Abstract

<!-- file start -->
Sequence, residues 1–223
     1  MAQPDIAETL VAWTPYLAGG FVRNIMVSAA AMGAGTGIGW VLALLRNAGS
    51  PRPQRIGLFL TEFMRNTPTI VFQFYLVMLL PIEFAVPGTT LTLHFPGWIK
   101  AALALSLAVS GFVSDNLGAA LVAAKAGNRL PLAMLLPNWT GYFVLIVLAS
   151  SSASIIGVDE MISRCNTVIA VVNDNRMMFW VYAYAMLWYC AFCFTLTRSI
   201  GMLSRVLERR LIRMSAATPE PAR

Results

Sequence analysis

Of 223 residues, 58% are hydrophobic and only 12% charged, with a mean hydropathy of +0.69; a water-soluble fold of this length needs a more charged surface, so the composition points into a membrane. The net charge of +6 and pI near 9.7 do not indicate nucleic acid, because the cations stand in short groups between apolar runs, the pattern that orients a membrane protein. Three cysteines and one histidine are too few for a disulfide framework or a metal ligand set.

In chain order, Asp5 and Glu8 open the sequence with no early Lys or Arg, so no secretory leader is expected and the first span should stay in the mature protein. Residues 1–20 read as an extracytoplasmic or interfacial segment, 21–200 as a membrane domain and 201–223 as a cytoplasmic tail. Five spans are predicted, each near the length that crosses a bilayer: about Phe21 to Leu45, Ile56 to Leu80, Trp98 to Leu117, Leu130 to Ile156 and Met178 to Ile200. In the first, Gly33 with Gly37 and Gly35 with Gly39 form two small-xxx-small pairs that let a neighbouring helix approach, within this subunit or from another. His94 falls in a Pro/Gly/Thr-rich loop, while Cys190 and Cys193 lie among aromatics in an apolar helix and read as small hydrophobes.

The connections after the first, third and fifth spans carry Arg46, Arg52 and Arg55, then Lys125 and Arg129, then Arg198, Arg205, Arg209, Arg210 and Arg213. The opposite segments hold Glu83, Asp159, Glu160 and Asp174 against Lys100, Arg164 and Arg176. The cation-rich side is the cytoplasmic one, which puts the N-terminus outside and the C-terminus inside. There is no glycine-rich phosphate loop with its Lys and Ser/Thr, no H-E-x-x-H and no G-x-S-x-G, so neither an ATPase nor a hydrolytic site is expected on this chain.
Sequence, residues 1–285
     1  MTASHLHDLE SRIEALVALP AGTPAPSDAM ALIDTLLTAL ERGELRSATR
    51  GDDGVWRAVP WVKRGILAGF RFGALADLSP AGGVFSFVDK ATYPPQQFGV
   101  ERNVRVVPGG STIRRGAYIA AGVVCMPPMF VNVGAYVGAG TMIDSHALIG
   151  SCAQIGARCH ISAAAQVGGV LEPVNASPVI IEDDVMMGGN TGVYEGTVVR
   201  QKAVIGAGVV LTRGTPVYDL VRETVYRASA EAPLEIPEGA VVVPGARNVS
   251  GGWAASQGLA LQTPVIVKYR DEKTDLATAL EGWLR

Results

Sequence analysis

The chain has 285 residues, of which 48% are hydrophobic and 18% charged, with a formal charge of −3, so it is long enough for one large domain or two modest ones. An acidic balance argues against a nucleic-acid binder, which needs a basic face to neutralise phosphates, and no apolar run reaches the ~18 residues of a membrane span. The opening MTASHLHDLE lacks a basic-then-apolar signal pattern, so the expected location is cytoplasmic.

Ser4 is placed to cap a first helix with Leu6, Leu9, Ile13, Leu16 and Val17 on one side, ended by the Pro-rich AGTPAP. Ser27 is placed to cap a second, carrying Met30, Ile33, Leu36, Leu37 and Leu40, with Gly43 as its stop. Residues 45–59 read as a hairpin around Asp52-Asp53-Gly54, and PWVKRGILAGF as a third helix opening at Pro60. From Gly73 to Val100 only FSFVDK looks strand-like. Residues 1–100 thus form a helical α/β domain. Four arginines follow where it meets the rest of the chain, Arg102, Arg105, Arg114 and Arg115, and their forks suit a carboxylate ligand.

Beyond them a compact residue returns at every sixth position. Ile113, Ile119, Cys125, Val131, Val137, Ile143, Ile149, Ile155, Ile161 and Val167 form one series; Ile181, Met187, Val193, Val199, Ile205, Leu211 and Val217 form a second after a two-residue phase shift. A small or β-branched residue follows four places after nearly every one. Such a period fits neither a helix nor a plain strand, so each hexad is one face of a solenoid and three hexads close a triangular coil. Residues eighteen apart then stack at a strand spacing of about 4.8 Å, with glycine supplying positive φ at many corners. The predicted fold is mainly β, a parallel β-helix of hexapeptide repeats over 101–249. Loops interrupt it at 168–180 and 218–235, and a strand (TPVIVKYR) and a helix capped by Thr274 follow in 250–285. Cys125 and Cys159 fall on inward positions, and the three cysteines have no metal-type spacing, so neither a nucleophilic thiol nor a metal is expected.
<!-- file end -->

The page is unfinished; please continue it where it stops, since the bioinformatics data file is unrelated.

The Carboneras fault system is a 40 km long, 1 km wide Neogene NE-SW-trending left-lateral transpressional strike-slip fault system which is part of the Trans-Alboran shear zone in SE Spain. The Carboneras fault system is an anastomosing array of sub-vertical, individual fault planes or fault zones which surround pods or lenses of less intensely strained rocks. Displacements along the individual fault planes exhibit reverse components of slips and form positive flower structures. Faults have either sharp boundaries or wider bands of gouge, typically a few metres thick and are hundreds of metres in length. Second-order fault splays are well developed and usually exhibit P-shear rather than Riedel-shear orientations. These are interpreted to be related to the transpressional displacement and may also characterize other oblique convergent zones elsewhere. The second-order faults are interpreted to have formed as shear strain increased along the first-order fault and was transferred laterally to branch segments. This process produced pods, or shear lenses, bounded by the fault segments. The length to width aspect ratios of the shear lenses were found to be scale-independent across five orders of magnitude with the most common values between 3:l and 6:l. A model is proposed for the development of the fault zone by incremental finite displacements along the segmented fault surfaces. This model is based on field evidence that displacement switched with time from one fault strand to another.

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